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The town has played a conspicuous part in military history: its fortifications date back to Roman times, and it has several traces of the period, including the 1st-century mausoleum of the Roman general Lucius Munatius Plancus at the top of the Monte Orlando.Gaeta's fortifications were extended and strengthened in the 15th century, especially throughout the history of the Kingdom of Naples (later the Two Sicilies).Around 830, it became a lordship ruled by hereditary hypati, or consuls: the first of these was Constantine (839–866), who in 847 aided Pope Leo IV in the naval fight at Ostia.At this same time (846) the episcopal see of Gaeta was founded when Constantine, Bishop of Formiae, fled thither and established his residence. They were probably violently overthrown (they disappear suddenly from history) in 866 or 867 by Docibilis I, who, looking rather to local safety, entered into treaties with the Saracens and abandoned friendly relations with the papacy.In 1038, Prince Guaimar IV of Salerno took it from him and, in 1041, established the Norman counts of Aversa, who were afterwards princes of Capua, as puppet dukes.The native dynasty made a last attempt to wrest the duchy from Guaimar in 1042 under Leo the Usurper.In 1045, the Gaetans elected their own Lombard duke, Atenulf I.His son, Atenulf II, was made to submit to the Norman Prince Richard I of Capua in 1062, when Gaeta was captured by Jordan Drengot.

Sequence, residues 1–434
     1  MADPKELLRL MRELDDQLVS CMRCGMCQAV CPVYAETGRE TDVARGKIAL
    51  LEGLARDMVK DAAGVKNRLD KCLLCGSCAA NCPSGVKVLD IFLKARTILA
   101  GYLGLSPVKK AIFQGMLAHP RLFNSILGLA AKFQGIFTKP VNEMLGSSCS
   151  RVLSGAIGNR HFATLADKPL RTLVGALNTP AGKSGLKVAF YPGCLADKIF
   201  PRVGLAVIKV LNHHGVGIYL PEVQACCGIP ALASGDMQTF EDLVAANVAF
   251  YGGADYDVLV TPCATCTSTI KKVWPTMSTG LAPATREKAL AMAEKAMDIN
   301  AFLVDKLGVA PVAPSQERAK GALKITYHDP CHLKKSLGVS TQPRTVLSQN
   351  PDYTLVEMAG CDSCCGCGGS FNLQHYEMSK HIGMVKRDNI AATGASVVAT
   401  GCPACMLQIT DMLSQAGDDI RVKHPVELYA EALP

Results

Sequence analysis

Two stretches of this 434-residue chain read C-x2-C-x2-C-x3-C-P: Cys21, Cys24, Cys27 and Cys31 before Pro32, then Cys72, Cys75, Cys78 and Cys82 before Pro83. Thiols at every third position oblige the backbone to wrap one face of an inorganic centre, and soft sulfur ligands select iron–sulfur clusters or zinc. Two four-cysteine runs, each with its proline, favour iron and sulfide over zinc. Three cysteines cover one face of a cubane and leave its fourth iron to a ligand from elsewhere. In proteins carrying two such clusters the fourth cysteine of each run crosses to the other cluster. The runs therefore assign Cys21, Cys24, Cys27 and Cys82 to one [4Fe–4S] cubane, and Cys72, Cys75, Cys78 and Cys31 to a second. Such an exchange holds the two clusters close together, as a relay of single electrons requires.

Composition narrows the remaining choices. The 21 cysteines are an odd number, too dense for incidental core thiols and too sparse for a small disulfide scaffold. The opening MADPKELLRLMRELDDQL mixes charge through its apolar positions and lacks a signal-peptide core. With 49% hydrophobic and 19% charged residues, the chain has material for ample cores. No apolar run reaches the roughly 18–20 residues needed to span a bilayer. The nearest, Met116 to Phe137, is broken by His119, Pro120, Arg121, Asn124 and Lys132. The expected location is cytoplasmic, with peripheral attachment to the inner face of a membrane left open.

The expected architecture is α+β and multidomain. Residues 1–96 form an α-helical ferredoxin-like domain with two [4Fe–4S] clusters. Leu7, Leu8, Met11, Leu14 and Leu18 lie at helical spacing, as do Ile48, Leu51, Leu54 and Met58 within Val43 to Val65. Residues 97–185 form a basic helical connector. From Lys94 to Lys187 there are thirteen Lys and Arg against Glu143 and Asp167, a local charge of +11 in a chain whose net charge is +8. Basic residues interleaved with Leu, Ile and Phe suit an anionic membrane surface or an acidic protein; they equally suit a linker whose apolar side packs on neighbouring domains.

Set on a promontory stretching towards the Gulf of Gaeta, it is 120 kilometres (75 miles) from Rome and 80 km (50 mi) from Naples.
Outlying lands and castles were given away to younger sons and thus the family of the Docibili slowly declined after mid-century.
Allegedly, but improbably, from the end of the 9th century, the principality of Capua claimed Gaeta as a courtesy title for the younger son of its ruling prince.
In the mid-10th century, the De Ceremoniis of Constantine VII Porphyrogenitus lists the ceremonial title "prince of Gaeta" among the protocols for letters written to foreigners.
Prince Pandulf IV of Capua captured Gaeta in 1032 and deposed Duke John V, assuming the ducal and consular titles.
Among its antiquities is the mausoleum of Lucius Munatius Plancus.